Andrew O'DonnellDuring the pandemic, businesses, schools and families turned to the internet to communicate and access services required for daily life. Unfortunately, cybercriminals have used this opportunity, with the Australian Cyber Security Centre (ACSC) receiving over 67,500 cybercrime reports last financial year, a significant increase on the prior year. The increased frequency of crimes was also associated with increased complexity and sophistication of the attacks.

Phishing is just one example of cybercrime, which is when scam emails, messages or calls are used to try to trick people out of money or data. In many cases, cybercriminals pretend to be an organisation or individual you know or think you should trust. In some cases email systems are being compromised by malware, then fraudulent invoices are created and sent to clients, resulting in significant amounts of money being inadvertently transferred to criminals’ bank accounts. We are aware of several incidents where clients’ business activities and personal matters have been impacted by email fraud involving altered bank account details on invoices.

Individuals and businesses should be taking steps to prevent and plan a response to a cyberattack. Advice from the ACSC includes:

  1. Automatically update your operating systems, software and apps – If you receive a prompt to update your operating system or other software, you should install the update as soon as possible.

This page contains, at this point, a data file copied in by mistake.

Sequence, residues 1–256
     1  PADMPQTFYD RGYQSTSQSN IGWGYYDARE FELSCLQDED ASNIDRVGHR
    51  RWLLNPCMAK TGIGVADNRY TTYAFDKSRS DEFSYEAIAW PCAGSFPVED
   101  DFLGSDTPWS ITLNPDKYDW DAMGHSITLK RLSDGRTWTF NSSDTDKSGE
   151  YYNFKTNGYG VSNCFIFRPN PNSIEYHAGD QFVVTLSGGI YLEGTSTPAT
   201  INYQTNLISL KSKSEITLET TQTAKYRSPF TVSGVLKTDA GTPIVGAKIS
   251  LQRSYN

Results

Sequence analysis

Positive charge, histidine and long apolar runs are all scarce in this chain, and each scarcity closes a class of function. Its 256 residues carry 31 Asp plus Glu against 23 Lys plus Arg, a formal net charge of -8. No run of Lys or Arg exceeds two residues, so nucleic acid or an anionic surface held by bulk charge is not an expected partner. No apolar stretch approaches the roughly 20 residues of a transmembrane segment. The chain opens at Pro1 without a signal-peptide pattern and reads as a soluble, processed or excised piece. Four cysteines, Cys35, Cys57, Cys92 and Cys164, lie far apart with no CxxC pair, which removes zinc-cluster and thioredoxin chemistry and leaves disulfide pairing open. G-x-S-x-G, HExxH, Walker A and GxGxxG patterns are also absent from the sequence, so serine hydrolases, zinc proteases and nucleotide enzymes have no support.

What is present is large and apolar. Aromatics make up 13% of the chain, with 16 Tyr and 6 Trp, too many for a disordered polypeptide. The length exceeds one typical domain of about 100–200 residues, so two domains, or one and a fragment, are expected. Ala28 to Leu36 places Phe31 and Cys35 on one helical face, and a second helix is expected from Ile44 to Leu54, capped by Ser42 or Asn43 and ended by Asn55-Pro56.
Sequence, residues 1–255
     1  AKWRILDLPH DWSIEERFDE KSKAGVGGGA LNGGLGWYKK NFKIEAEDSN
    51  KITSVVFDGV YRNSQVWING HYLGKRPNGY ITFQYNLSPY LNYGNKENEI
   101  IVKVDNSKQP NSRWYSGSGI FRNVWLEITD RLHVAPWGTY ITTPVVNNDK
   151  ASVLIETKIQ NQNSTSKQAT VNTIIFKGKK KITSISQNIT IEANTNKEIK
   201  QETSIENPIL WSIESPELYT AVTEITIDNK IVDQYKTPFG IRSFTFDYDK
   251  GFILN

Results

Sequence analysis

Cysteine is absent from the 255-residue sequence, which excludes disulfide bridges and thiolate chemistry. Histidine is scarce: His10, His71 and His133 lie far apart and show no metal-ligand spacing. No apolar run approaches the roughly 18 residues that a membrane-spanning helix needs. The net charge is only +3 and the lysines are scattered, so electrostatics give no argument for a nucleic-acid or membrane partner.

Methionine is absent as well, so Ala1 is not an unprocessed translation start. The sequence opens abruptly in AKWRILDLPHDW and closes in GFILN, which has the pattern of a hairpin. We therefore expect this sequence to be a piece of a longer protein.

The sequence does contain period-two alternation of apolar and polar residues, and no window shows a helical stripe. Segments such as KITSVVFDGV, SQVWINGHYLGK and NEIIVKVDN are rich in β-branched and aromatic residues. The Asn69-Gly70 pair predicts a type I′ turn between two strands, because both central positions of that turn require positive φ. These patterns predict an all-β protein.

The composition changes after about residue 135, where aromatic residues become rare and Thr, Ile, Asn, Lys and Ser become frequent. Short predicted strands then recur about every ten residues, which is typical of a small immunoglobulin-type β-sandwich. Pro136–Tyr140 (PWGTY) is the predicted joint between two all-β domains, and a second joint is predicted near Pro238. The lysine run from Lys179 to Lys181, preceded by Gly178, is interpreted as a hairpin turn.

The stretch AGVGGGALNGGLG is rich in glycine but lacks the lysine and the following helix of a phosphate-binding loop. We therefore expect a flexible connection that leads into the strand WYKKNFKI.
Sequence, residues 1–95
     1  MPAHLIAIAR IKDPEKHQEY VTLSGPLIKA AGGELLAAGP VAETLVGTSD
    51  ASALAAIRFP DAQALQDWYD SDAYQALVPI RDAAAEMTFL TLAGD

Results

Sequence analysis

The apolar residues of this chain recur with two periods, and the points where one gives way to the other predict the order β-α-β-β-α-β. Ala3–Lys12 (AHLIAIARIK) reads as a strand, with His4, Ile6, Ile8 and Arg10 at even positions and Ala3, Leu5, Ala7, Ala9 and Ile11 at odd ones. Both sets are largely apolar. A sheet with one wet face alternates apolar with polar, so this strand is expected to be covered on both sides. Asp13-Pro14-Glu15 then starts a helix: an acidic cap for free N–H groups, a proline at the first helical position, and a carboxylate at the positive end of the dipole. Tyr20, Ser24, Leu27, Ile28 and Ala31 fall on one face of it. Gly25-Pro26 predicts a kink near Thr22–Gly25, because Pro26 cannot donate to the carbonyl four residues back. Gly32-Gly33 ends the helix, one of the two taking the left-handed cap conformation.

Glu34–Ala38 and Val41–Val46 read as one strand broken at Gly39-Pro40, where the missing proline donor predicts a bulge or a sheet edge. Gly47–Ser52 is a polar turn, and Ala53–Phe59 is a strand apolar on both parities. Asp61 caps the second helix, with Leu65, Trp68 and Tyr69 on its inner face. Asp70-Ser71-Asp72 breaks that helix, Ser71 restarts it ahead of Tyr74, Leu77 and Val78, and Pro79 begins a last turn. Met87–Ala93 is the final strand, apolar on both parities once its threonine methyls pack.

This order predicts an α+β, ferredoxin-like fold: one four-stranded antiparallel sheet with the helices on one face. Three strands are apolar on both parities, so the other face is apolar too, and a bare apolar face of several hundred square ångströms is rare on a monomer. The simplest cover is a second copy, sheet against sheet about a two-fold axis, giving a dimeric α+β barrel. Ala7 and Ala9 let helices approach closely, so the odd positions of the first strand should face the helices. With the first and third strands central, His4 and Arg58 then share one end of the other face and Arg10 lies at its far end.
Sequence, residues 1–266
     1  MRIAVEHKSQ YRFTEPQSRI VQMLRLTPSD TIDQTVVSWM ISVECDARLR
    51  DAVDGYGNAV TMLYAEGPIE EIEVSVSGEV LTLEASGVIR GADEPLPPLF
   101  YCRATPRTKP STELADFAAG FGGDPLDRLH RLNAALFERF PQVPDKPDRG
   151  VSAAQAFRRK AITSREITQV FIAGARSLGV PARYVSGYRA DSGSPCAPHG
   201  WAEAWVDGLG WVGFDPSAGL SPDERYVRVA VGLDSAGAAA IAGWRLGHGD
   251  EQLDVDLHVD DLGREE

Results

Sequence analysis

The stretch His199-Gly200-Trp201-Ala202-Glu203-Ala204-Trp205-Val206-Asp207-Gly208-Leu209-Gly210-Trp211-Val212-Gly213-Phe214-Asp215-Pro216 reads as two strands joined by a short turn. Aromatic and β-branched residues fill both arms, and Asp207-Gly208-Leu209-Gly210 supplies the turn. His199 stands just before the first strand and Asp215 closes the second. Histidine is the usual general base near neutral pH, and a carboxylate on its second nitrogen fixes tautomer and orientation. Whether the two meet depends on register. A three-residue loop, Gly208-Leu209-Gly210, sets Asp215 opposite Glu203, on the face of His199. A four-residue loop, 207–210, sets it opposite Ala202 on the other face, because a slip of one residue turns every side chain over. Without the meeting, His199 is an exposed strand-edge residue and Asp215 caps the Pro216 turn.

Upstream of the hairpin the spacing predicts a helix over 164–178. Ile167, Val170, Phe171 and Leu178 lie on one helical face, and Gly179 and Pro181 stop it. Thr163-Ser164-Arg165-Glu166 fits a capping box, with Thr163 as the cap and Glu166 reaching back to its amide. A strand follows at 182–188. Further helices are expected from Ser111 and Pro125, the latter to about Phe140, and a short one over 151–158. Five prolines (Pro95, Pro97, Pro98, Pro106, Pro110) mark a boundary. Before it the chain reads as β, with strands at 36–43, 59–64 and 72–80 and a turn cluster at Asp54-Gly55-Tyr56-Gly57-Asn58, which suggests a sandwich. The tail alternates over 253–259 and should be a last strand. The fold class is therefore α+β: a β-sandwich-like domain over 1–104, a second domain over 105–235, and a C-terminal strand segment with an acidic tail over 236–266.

2. Regularly backup your important data – Test your backups regularly by attempting to restore data, and always keep at least one backup disconnected from your device.
  3. Enable Multi-Factor Authentication (MFA) on important accounts wherever possible – This is one of the most effective ways to protect your valuable information and accounts. Where MFA is not possible, use passphrases to protect accounts and devices. Passphrases use four or more random words as your password and are most effective when they are long, unpredictable and unique.
  4. Manage who can access information within your business – Use the principle of least privilege, where users are given the bare minimum permissions they need to perform their work, to reduce the risk of an employee accidentally endangering your business.
  5. Train your staff in cyber security basics – This may include updating their devices, securing their accounts, and identifying scam messages. Include regular cyber security training into normal business operations.

This step-by-step guide from the ASCS is a helpful starting point. In addition, at Edney Ryan Legal we always confirm new or changed bank account details by telephone before transferring any funds, and we apply the golden rule, if in doubt, pick up the phone. If you have any questions please do not hesitate to contact Ranu Jas or myself on (02) 9908 9888.